Letter from a participant;  Rev. Judith Stone writes to Tim Holmes:
“Responding to what you shared and thanks for taking the risk ,—– did I read this right—I feel you are looking for some more Christian, let me call it presence at the Confluence, where your understanding of Christianity is not shared by the organizers because of their own experiences, or the revolting media-presented picture, (and also other baggage–like jargon, hard to understand and sometimes outmoded and rarefied language and concepts) and I want to add to the list, folks’ failure to move beyond ideas and images of the Divine, helpful in childhood, that no longer serve. 
I know I projected onto the church that” Christianity” was the problem, (Christianity does have problems) but I didn’t see that I also was the problem, until I took a class in World Religions and saw value in all the World Religions, except Christianity. (and as you say their important evolutionary role in creation). I thought though, that it was highly unlikely that Christianity was the sole religion with a dearth of meaning, so I knew it was on me too, that “My God was Too Small” (my Pastor dad’s favorite book if only I had paid attention.) I agree that institutions have lost so much of their transformative power. ( Hillman:”100 Years of Therapy and the World is Getting Worse”)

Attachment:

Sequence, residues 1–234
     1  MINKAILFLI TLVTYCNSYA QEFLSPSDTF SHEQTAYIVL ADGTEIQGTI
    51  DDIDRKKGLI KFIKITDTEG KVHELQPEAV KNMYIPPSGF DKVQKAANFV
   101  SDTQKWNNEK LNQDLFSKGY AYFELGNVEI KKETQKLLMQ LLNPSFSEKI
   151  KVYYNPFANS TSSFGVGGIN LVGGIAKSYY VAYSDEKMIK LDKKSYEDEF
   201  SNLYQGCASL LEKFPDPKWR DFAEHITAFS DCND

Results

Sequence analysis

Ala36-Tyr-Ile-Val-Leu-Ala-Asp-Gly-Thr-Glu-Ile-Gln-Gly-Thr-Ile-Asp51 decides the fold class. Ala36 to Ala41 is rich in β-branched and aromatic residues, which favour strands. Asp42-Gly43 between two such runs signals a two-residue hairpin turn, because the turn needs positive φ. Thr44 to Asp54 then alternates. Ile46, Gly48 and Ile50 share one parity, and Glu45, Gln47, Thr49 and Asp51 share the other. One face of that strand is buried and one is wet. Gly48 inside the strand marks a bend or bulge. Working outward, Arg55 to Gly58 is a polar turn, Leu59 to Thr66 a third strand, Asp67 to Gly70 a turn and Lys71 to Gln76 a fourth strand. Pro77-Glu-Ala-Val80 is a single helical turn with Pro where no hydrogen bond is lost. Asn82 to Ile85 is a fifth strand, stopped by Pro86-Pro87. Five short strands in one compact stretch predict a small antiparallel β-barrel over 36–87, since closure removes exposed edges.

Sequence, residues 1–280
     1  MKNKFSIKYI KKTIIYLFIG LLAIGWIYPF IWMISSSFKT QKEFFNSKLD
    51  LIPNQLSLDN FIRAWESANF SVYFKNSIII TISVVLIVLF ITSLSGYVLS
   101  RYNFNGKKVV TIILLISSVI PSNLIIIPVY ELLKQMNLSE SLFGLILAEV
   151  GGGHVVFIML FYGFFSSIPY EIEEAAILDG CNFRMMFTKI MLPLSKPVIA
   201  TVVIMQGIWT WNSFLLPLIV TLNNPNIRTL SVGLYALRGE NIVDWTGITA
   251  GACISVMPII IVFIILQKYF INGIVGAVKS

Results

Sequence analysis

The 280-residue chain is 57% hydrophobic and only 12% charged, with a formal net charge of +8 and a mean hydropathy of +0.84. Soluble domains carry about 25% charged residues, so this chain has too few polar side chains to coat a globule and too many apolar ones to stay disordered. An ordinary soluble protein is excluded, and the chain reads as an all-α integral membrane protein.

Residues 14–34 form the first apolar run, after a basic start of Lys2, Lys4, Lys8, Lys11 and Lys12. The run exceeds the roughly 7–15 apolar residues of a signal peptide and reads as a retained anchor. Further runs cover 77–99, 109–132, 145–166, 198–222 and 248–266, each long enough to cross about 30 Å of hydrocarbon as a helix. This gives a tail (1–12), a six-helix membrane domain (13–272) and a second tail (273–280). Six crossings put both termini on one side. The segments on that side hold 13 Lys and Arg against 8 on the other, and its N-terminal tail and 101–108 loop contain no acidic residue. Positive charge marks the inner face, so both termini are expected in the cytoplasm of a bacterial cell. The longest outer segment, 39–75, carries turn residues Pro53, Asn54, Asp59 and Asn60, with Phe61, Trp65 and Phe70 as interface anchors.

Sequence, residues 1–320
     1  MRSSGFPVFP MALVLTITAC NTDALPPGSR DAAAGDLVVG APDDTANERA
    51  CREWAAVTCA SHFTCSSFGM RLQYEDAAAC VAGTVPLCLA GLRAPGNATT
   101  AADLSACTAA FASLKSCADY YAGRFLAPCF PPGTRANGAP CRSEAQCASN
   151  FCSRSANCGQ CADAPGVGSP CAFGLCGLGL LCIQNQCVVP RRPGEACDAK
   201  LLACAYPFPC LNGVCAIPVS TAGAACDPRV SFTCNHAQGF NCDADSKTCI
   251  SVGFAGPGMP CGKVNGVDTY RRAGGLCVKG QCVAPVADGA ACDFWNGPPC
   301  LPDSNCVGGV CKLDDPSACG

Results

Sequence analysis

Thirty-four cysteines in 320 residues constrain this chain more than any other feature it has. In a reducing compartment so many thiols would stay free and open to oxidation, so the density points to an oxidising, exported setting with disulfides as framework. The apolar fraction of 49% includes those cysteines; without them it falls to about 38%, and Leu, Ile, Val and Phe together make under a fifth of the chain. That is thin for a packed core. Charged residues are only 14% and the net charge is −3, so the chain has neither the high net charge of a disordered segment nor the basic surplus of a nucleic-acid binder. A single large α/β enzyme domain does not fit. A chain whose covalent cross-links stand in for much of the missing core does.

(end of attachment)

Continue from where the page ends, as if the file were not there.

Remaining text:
After a devout childhood, all my foundations crumbled –for many reasons, and the cracks created room for me to have new experiences with/of God.  Jesus became the great love affair of my life and my guide  I think of Christianity as a very deep, vast, container for Mystery, for Understanding and for Living. As I have studied it, it gets bigger and bigger. I feel that is true for you?
   
I had a Buddhist Priest friend who told me that Buddhists take “impossible vows” (“I vow to save all sentient Beings”) not because they can accomplish what they have vowed but because the commitment is large enough to devote a lifetime to practicing. My impossible vow is to the Holy One I experience in Jesus Christ.  This is my first love, my ultimate loyalty. I can’t say that to most people, who will think me a Jesus freak, but maybe I can to you, as I am sure I could to Steve. Kierkegaard said of the religious journey– “fortunately it is a truly immense journey”. 
And in great company. And it has ultimate significance for me and for a long line of others, a great cloud of witnesses —.  Often as you say people take the ostrich way out of seeing or engaging with the blinding beauty and demand of such love and healing–I find it scary beyond the telling, still, and still unavoidable to take the impossible vow..